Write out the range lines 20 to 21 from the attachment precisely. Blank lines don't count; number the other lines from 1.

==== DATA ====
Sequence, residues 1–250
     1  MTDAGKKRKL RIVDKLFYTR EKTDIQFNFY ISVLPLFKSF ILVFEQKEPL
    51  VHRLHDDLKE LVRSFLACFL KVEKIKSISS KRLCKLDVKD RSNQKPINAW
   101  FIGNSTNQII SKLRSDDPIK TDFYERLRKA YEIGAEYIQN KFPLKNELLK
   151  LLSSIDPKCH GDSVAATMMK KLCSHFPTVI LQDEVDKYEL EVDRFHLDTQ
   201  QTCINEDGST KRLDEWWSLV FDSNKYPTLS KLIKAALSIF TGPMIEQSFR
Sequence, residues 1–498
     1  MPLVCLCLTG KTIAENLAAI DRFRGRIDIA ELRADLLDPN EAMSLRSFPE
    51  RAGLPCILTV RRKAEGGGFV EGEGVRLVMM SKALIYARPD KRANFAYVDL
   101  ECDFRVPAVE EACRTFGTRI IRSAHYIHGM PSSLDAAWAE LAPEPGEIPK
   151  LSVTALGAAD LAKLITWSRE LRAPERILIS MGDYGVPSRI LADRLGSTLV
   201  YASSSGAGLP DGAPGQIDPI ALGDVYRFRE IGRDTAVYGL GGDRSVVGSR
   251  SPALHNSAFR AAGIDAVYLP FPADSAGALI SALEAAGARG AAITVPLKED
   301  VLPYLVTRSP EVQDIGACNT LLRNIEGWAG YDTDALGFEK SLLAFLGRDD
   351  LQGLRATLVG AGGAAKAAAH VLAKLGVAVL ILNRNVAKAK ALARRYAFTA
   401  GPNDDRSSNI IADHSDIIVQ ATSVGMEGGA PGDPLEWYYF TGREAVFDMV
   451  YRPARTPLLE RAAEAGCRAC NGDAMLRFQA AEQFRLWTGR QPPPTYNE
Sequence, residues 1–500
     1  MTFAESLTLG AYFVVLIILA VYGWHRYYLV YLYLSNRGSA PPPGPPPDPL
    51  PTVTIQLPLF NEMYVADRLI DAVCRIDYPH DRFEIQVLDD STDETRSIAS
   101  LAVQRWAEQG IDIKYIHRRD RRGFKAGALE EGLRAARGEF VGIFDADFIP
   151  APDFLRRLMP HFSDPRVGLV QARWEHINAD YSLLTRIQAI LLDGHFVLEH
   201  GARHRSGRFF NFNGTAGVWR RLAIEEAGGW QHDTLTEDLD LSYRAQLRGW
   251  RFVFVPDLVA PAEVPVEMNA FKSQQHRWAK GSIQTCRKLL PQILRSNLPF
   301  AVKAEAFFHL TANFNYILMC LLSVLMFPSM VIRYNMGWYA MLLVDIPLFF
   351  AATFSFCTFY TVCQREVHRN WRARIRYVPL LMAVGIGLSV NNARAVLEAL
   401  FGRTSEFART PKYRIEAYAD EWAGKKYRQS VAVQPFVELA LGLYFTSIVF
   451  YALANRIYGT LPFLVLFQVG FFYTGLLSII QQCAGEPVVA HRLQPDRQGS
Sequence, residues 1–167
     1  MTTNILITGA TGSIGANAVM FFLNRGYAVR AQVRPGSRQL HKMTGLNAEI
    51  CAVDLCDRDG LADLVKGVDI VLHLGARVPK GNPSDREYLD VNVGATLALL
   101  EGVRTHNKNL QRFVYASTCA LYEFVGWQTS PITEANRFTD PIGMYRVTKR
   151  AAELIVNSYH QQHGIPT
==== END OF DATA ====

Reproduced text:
    51  PTVTIQLPLF NEMYVADRLI DAVCRIDYPH DRFEIQVLDD STDETRSIAS
   101  LAVQRWAEQG IDIKYIHRRD RRGFKAGALE EGLRAARGEF VGIFDADFIP